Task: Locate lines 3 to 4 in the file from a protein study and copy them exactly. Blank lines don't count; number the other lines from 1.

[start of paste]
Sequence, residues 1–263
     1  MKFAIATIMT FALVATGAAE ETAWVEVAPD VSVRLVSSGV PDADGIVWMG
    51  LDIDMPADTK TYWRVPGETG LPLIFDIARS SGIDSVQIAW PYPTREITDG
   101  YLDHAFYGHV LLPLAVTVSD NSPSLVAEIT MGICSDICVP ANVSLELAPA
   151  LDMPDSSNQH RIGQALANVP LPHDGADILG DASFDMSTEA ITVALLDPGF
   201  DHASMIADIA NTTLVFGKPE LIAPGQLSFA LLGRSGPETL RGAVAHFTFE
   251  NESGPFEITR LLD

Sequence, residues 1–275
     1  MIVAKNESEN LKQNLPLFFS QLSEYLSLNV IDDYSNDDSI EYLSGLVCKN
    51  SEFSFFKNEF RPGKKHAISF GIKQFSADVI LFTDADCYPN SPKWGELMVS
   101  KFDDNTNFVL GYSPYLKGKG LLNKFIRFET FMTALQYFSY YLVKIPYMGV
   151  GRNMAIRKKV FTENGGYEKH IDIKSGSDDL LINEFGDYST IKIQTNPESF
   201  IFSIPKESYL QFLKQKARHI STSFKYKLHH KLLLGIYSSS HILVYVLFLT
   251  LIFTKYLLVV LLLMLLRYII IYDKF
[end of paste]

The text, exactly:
    51  LDIDMPADTK TYWRVPGETG LPLIFDIARS SGIDSVQIAW PYPTREITDG
   101  YLDHAFYGHV LLPLAVTVSD NSPSLVAEIT MGICSDICVP ANVSLELAPA